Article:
Baker Sees Mideast Negotiators but Agrees Not to Intervene Now
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Baker Sees Mideast Negotiators but Agrees Not to Intervene Now

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Israeli negotiators are winding down the current round of bilateral talks here satisfied that the United States will not intervene in the negotiations.

Zalman Shoval, the Israeli ambassador to Washington, said Secretary of State James Baker gave this assurance to the Israeli delegation during a 30-minute meeting Wednesday.

Baker also met Wednesday with the joint Jordanian-Palestinian delegation and separately Tuesday night with the Lebanese and Syrian delegations.

Richard Boucher, the State Department deputy spokesman, said that while Baker did not make any U.S. proposals to move the talks along, he repeated the U.S. desire for the negotiations to move from procedure into substantive issues.

U.S. officials said the meetings were called merely to give the secretary an update on the talks, not to involve him personally in the negotiations. The Arab negotiators, particularly the Palestinians, have urged Baker to intervene to break the deadlock, something the Israelis adamantly oppose.

Shoval, who is also a member of the Israeli team negotiating with the Jordanian-Palestinian delegation, said Baker also agreed there should be no preconditions for the talks, including a freeze on the building of Israeli settlements in the West Bank and Gaza Strip.

Hanan Ashrawi, spokeswoman for the Palestinian delegation, threatened Tuesday night that the Palestinians would not talk about Palestinian self-rule unless Israel agreed to freeze the building of settlements in the disputed territories.


Shoval said discussions on settlements is for the next phase of negotiations, which will take place three years after a self-rule arrangement for the Palestinians is in place.

He repeated Israel’s position that no matter what happens to the land, Israel could never accept a prohibition on Jews living anywhere in the territories.

Despite their threat, the Palestinians me again with Israel late Wednesday. Israel postponed its scheduled departure Wednesday until noon Thursday for another meeting with the Jordanian and Palestinians.

Shoval indicated that the discussion would cover the venue of the next round of talks. The Arabs are insisting that the talks continue in Washington, but Israel wants the negotiations to take place in the countries involved or, if that unacceptable, somewhere in the Middle East.

Yosef Ben-Aharon, head of the Israeli delegation for talks with the Syrians, said Baker supported Israel’s idea of offering a list of possible sites.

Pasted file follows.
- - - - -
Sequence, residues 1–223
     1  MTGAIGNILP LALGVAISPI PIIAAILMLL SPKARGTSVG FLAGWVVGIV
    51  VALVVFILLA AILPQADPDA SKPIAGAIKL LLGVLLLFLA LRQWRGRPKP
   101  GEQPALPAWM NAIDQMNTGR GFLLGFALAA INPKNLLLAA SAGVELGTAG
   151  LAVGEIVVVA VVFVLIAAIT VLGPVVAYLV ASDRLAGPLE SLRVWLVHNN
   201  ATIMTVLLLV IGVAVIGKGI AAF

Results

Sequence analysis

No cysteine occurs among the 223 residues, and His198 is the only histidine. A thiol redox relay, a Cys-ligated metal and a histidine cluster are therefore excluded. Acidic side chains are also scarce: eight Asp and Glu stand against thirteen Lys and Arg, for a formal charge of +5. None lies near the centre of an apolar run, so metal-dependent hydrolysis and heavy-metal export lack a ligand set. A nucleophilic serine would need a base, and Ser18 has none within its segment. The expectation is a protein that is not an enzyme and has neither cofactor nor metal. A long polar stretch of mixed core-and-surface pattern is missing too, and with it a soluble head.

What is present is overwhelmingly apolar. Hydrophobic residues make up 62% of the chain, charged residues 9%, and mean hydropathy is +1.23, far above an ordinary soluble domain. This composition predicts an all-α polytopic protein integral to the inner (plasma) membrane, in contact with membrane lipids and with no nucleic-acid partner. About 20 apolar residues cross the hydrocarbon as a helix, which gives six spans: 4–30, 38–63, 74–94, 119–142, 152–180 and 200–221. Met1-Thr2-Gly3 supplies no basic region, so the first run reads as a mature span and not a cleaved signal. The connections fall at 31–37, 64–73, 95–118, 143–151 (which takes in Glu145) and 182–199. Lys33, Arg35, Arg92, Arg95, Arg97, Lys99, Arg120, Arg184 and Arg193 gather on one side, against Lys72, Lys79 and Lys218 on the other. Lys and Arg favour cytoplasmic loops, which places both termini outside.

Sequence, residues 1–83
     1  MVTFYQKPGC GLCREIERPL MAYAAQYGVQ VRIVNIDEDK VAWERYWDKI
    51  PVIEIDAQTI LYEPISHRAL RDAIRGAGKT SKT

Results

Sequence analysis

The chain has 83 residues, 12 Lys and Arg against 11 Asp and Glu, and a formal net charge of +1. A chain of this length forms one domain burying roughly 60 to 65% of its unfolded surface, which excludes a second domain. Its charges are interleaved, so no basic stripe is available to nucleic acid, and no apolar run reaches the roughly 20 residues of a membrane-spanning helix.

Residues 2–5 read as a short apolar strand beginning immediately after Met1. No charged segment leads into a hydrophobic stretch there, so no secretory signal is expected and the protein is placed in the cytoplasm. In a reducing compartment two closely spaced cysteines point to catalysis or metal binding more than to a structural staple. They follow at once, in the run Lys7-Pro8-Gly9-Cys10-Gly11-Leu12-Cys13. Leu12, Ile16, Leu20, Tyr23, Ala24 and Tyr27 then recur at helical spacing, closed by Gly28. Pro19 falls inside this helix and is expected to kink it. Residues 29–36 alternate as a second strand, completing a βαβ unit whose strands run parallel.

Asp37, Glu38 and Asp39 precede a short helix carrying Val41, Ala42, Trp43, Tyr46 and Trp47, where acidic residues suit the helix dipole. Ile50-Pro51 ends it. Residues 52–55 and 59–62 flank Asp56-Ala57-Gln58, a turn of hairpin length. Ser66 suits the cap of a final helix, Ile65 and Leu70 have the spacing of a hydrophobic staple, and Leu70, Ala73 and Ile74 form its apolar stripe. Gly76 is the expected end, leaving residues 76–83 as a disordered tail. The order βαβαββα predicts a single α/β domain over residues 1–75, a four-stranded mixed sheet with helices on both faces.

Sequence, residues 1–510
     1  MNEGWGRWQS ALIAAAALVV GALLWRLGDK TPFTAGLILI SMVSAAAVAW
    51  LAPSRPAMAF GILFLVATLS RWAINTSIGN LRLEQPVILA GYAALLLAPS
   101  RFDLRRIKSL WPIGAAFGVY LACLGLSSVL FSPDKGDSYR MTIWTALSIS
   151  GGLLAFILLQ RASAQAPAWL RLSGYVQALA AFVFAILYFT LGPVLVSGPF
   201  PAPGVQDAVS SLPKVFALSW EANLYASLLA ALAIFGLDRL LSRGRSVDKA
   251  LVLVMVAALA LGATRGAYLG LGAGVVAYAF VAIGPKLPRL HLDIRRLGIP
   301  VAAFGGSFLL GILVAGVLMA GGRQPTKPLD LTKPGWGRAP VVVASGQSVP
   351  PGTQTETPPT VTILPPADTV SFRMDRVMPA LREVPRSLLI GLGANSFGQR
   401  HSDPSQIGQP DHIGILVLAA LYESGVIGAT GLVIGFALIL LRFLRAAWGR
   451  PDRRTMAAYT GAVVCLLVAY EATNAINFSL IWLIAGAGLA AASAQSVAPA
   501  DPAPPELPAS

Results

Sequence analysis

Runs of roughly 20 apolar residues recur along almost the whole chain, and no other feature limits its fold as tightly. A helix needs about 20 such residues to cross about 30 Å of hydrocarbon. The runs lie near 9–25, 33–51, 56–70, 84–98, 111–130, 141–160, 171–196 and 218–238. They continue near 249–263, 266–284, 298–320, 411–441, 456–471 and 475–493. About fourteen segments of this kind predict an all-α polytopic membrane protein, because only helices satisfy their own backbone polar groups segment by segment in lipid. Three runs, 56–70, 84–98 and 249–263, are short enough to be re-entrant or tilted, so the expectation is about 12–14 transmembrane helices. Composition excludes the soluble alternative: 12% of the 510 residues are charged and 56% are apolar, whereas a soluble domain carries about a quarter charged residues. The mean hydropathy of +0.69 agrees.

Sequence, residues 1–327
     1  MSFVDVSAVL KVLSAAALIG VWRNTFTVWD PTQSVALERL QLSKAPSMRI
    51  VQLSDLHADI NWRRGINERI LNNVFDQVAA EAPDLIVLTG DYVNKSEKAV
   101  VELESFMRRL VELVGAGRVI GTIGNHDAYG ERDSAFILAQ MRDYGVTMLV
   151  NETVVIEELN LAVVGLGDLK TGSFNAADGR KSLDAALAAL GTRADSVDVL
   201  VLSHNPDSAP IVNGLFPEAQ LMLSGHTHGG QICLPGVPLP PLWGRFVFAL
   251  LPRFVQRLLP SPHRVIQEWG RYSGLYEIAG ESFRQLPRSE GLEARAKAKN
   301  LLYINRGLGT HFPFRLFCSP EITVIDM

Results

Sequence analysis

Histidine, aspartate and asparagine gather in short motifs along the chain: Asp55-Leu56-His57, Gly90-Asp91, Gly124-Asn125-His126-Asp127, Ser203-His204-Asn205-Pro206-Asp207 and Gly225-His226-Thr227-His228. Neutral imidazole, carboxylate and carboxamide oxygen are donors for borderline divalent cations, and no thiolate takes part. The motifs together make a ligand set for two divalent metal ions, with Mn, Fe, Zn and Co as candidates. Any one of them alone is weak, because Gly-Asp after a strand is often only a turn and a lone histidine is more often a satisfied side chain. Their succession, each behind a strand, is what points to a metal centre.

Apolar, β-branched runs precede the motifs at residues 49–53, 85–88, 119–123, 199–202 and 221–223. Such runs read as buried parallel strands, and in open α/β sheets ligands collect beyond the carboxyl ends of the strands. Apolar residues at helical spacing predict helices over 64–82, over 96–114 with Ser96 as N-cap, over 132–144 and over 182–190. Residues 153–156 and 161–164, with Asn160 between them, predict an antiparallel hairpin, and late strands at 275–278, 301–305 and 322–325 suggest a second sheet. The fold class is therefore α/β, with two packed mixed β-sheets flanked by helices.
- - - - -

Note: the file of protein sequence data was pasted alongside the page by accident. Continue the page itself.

But if there is no agreement on venue Baker said “there will be no alternative but for the United States to step in and see if they can mediate and reach some sort of compromise proposal,” Ben-Aharon reported.

This is what the United States did after the Madrid peace conference, when it proposed the Washington site, much to Israel’s dismay.

Shoval also said that if the Palestinians want to continue negotiations, they should end terrorism. He said that while the Palestinian negotiators may not be responsible for the latest violence in the West Bank, they should be able to control their people.

“The Palestinians will have to decide once and for all” whether “they come here as angels of peace or angels of death,” he said.


Meanwhile, Shoval said that Palestinians have presented a written proposal for autonomy in the territories and that Israel has proposed agenda items for discussion of the issue.

According to The Washington Post, the two-page Palestinian proposal calls for the election of an interim Palestinian government in the West Bank and Gaza Strip until the territories’ final status is determined.

The plan proposes an assembly of 180 representatives, to be elected in an internationally supervised referendum, and the withdrawal of Israeli military forces from the territories.

Meanwhile, the Palestinians have indicated they may not accept an invitation to attend the upcoming international conference on Middle East regional issues unless their delegation is considered separate from Jordan’s.

Invitations to the conference, set to open Jan. 28 in Moscow, were issued to the various parties by the United States and Russia this week.

Boucher said Wednesday that the Palestinians were invited to the conference on the same basis as they were to the bilateral talks, which means as part of a joint delegation with Jordan.

In other developments, the Israeli negotiators reported constructive meetings Wednesday with Jordan and Lebanon.

But Ben-Aharon complained that the Syrians continue to insist that Israel agree to leave the Golan Heights before any discussions of peace.

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